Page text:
As we circled back to the
opening of the space, we came to the mockup
area featuring long tables, conference space,
and a design library complete with samples
and 3-D-printed pieces.
“At this point, clients start envisioning what
they want to do, and they start modeling
ideas,” Lesizza said. “We’re here to help
throw ideas around, differentiate things, and
really make it personable.”
Isn’t there an old adage about business
being done best while breaking bread? I
could have that wrong, but if you ask me
(and the Haworth and Work Well teams), it’s
cooler with cookies and coffee.
In every corner and expanse of the
space, there were fun seating options like the
Windowseat and Capo. Several had high arms
or roof-like canopies,
and although those are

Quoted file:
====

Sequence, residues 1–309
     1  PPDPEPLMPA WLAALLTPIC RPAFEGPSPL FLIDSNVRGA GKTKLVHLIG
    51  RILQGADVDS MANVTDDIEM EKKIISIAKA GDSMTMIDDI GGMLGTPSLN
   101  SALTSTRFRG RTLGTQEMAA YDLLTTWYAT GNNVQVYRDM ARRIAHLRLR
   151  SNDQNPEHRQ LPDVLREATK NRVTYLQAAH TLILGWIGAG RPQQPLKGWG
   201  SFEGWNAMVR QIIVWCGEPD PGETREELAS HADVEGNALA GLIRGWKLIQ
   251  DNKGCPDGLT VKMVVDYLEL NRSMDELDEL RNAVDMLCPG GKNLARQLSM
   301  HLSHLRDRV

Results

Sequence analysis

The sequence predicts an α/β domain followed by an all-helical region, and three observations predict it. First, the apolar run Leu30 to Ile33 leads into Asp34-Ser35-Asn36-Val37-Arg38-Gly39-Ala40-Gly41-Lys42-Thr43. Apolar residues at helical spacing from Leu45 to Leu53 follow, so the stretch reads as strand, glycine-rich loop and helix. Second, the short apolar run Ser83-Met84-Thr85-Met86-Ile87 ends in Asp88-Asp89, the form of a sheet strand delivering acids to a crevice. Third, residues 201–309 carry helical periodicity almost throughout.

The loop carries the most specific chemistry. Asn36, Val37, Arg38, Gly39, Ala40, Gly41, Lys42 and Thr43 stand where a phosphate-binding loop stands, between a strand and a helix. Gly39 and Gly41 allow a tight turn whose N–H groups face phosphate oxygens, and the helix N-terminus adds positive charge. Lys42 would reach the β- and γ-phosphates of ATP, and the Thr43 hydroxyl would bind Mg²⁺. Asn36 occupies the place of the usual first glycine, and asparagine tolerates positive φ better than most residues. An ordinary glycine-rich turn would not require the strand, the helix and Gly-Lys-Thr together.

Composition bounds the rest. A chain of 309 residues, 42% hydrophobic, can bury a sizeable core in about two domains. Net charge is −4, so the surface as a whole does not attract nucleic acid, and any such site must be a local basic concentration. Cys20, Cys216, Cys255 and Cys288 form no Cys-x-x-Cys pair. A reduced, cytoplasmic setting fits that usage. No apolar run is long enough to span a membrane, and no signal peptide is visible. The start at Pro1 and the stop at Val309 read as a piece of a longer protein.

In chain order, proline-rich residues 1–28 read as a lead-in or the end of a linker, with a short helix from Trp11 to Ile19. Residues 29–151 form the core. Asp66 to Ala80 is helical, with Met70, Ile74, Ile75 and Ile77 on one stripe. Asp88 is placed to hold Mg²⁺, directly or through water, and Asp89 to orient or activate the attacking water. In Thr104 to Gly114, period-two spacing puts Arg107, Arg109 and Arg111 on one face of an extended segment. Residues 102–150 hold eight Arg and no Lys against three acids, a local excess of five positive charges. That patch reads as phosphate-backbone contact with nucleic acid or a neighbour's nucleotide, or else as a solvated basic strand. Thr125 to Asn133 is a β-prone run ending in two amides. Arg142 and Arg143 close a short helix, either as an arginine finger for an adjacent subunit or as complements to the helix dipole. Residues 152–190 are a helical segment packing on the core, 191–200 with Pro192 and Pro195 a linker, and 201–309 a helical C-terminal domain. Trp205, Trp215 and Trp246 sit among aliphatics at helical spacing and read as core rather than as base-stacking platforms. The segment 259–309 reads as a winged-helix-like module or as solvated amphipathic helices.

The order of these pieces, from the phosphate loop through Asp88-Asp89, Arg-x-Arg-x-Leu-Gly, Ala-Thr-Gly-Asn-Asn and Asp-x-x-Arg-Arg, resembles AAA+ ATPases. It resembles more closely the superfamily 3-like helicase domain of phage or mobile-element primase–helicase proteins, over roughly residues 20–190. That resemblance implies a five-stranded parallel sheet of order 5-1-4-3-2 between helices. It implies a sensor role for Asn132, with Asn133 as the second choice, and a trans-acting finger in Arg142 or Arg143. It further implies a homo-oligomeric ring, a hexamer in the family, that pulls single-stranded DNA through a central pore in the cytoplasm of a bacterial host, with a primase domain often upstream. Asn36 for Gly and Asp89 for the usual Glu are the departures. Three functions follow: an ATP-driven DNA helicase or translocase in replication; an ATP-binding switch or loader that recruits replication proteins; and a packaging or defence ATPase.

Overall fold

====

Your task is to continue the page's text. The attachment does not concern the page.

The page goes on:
primarily included to
provide sound mitiga-
tion, I more appreciated
them for the snuggled,
“It’s still open
enough that you’re not in a cocoon,” Scotto said.
“But you can turn around and you’re closed off
enough to make a call or open your laptop. We
see these a lot in public or open spaces.”
Capellini's Wanders' Tulip also appeared in a hospitality setting because the designer appreciated that its
base can be mounted directly into the floor. “Then it looks like you’ve got rows of them literally blooming
right out of the ground,” said Scotto.